Commander receives top honor for ‘groundbreaking’ physical therapy career

By Lori NewmanSeptember 21, 2022

Commander receives top honor for ‘groundbreaking’ physical therapy career
Then U.S. Army Maj. Deydre Teyhen, physical therapist, served as the officer-in-charge of Task Force 10 Delta Med in Al Kut, Iraq, from December 2008 to June 2009. She is currently the commanding general at Brooke Army Medical Center and recently received the Catherine Worthingham Fellow of the American Physical Therapy Association, the association’s highest membership category. (U.S. Army courtesy photo) (Photo Credit: Lori Newman) VIEW ORIGINAL

JOINT BASE SAN ANTONIO-FORT SAM HOUSTON, Texas (Sept. 21, 2022) -- Brooke Army Medical Center Commanding General U.S. Army Brig. Gen. Deydre Teyhen recently received the Catherine Worthingham Fellow of the American Physical Therapy Association, the association’s highest membership category.

This honor is eligible to APTA physical therapists who have demonstrated unwavering efforts to advance the physical therapy profession for more than 15 years, prior to the time of nomination.

“I was really surprised, honored, and humbled to receive the Catherine Worthingham Fellow of the APTA recognition,” said Teyhen, who started her Army Physical Therapy career in 1993. “They have given out less than 300 of these recognitions – for an organization that is over 100 years old. It was completely unexpected.

“I was surprised because only a few military physical therapists have received this recognition and most have received it after they retired from the military and were on their second careers post-military,” she added. “I am incredibly humbled to join a group of amazing physical therapists that have really shaped our profession.”

Teyhen received her Bachelor of Arts in Sports Science at Ohio Wesleyan University. She earned her master’s degree in Physical Therapy from the U.S. Army-Baylor University, completed her Ph.D. in Biomechanics from the University of Texas, and earned her Doctor of Physical Therapy from Baylor University.

“I knew I wanted to go into healthcare, but I was not sure which field,” Teyhen said. “I loved fitness, athletics, and sports and found physical therapy to be a perfect fit.”

The general said she decided to join the Army after visiting the physical therapy clinic at Fort Campbell, Kentucky, during her undergraduate program.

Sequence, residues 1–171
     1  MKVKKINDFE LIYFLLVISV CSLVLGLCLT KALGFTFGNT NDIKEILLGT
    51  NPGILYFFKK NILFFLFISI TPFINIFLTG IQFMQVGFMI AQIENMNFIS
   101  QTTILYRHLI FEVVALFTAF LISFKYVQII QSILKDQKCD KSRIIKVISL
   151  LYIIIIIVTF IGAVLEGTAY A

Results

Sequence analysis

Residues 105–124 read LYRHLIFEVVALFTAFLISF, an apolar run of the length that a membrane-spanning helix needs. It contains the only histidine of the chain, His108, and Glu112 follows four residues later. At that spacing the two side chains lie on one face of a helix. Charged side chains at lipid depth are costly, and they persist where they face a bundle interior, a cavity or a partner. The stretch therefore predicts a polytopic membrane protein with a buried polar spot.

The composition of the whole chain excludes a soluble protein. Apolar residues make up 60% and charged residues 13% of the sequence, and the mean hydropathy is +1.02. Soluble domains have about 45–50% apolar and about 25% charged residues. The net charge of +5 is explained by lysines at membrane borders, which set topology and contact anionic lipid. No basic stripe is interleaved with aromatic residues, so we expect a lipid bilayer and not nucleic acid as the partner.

“I realized there would be nothing more fulfilling than to serve America’s finest – so I joined the Army so I could both be a physical therapist and serve our nation’s best,” she said.

For more than 29 years, Teyhen has served in positions of leadership in and out of military treatment facilities and research labs, in the United States and overseas, as well as in a combat zone in Iraq.

“Her military career has been groundbreaking, becoming the first active duty physical therapist in the U.S. Army's history to be selected for promotion to brigadier general,” said U.S. Army Lt. Gen. Raymond Dingle, 45th Surgeon General of the U.S. Army and Medical Command commanding general. “She remains one of my most trusted advisors in the areas of injury prevention, human performance, holistic health and rehabilitation.”

“It's this legacy of service, leadership, advocacy and excellence that I ask you to recognize with a Catherine Worthingham Fellowship,” he added in his nomination letter. “She is truly deserving of this great honor.”

The award was named for Catherine Worthingham, a physical therapist who was effective, respectful, and honest, and motivated others to make an impact within the physical therapy profession. She was also a visionary who demonstrated leadership across the domains of advocacy, education, practice and research.

The purpose of the Catherine Worthingham Fellow designation, or FAPTA, is to honor recipients and inspire physical therapists to attain the highest level of professional excellence and impact in terms of advancing the profession.

“Dr. Teyhen has truly been a role model within the physical therapy profession who has demonstrated the vision and leadership that honors the memory of Dr. Catherine Worthingham,” said Dr. Skip Gill, Baylor University professor. “(She) is truly a nationally recognized leader, researcher and educator who has been instrumental in furthering the practice and vision of physical therapy. Her contributions have been continuous and substantial across nearly three decades in a career with an increasingly positive trajectory for the betterment of our profession and the patients whom we serve as clinicians, educators, and researchers.”

Dr. Dan Rhon, director of Musculoskeletal Research in Primary Care at BAMC, said, “I cannot think of anyone that better espouses the values and vision set forth by Catherine Worthingham and whose career has aligned with a similar impact on our profession.”

Teyhen advises the next generation to understand their “why” and then pursue their passion. “As the old saying goes -- life is not a dress rehearsal,” she said. “Once you find your passion, you don’t have a job -- you have a calling -- and then every day is truly a gift.”